Buffett says 'Focus on the Forest, Forget the Trees'

By Morningstar |  26-02-19 | 
 

In his annual letter to shareholdersBerkshire Hathaway Inc's Warren Buffett explained why investors should focus on the forest rather than the trees and commented on Berkshire's sizable cash stake. Here are a few takeaways from this year's tome.

'Focus on the Forest--Forget the Trees'

Buffett notes that investors too often focus on the details of Berkshire's individual business, which he calls their "economic trees." Given that Berkshire owns a variety of businesses--"ranging from twigs to redwoods"--he argues for looking at the entire "forest."

"A few of our trees are diseased and unlikely to be around a decade from now," admits Buffett. "Many others, though, are destined to grow in size and beauty."

(One of those "diseased trees" may very well be beleaguered Kraft Heinz, for which Berkshire took a $3 billion write-down in the fourth quarter. Kraft Heinz's woes continued this week with news of an SEC investigation into its procurement accounting and a dividend cut.)

Buffett divides Berkshire’s holdings into five "groves"

  • Non-insurance businesses that it controls
  • Collection of marketable equities
  • Controlling interest with other parties in several businesses
  • Cash and fixed-income instruments
  • Insurance business

Buffett calls its non-insurance businesses that it controls "the most valuable grove in Berkshire's forest."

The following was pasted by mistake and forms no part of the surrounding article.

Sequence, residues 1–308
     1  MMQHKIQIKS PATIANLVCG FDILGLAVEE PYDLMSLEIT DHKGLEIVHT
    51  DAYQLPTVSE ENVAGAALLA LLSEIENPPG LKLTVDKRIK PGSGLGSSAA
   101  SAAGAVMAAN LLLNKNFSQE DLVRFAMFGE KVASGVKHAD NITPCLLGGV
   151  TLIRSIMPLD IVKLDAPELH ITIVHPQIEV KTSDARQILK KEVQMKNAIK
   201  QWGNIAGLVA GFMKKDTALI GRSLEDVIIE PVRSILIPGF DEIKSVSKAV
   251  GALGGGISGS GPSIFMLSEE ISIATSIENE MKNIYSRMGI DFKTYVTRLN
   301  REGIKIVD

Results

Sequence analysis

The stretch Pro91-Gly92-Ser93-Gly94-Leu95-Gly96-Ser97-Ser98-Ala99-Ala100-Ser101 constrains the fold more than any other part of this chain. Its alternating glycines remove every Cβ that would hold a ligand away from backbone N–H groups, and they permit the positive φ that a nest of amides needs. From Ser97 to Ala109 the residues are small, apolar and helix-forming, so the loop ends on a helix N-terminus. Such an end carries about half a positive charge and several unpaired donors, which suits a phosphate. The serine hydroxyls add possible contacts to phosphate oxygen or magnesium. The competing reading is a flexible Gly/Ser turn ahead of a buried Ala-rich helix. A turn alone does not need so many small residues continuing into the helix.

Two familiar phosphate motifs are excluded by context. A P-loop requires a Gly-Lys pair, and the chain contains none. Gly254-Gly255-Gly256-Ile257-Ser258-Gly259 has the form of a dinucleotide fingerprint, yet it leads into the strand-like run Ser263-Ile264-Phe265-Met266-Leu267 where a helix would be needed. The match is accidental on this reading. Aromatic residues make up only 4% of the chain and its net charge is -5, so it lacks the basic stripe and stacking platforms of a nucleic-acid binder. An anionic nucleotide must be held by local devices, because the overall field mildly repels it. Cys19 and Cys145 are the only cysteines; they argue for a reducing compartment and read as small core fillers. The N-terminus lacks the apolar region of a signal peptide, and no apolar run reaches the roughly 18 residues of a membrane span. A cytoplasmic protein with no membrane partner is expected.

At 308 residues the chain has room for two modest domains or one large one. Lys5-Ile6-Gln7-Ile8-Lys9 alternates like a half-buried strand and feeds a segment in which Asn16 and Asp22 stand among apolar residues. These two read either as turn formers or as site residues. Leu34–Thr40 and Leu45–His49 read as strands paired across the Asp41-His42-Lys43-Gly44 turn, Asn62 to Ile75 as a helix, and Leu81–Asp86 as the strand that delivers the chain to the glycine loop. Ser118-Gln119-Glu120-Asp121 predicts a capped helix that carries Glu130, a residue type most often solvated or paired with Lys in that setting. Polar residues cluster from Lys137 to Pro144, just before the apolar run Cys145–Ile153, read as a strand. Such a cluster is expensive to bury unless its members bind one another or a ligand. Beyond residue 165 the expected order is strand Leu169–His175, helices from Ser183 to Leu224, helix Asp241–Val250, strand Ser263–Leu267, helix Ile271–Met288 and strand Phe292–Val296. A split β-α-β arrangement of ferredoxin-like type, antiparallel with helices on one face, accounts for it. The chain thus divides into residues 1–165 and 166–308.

The "runner-up grove" by value is its stake in marketable equities. He makes particular note of these companies using retained earnings to repurchase shares, saying, "We rejoice when management employs some of its earnings to increase Berkshire's ownership percentage."

He uses American Express as an example: Berkshire's holdings in the company have remained unchanged in eight years, but ownership has increased from 12.6% to 17.9%, thanks to share repurchases

The cash pile

Buffett admits that he'd love to put some of Berkshire's cash to work with an "elephant-sized acquisition": "Even at our ages of 88 and 95--I'm the young one--that prospect is what causes my heart and Charlie's heart to beat faster." However, he admits that's unlikely: "Prices are sky-high for businesses possessing decent long-term prospects." Instead, he expects to expand Berkshire's holdings of marketable securities.

Morningstar analyst Greggory Warren notes that its large cash balances--$112 billion at year end--are an ongoing challenge. Warren suspects that with investment opportunities few and far between, Buffett is more likely to use share repurchases to reduce the cash balances--albeit being cost-conscious when doing so as he has in the past.

Indeed, Buffett mentions that Berkshire will occasionally repurchase its own stock, if shares can be bought at a discount to Berkshire's intrinsic value.

This article by Susan Dziubinski initially appeared on Morningstar.com

Add a Comment
Please login or register to post a comment.
<>
Top
Mutual Fund Tools
Feedback